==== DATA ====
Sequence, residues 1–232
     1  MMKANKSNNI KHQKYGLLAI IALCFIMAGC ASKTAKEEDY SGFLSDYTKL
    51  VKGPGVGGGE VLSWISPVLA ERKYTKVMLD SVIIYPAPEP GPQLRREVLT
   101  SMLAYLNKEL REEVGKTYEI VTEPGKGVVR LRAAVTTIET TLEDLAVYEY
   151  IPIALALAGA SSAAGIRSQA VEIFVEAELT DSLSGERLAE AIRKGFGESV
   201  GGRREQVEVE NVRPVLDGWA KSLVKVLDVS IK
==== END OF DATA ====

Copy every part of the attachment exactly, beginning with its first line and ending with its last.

Sequence, residues 1–232
     1  MMKANKSNNI KHQKYGLLAI IALCFIMAGC ASKTAKEEDY SGFLSDYTKL
    51  VKGPGVGGGE VLSWISPVLA ERKYTKVMLD SVIIYPAPEP GPQLRREVLT
   101  SMLAYLNKEL REEVGKTYEI VTEPGKGVVR LRAAVTTIET TLEDLAVYEY
   151  IPIALALAGA SSAAGIRSQA VEIFVEAELT DSLSGERLAE AIRKGFGESV
   201  GGRREQVEVE NVRPVLDGWA KSLVKVLDVS IK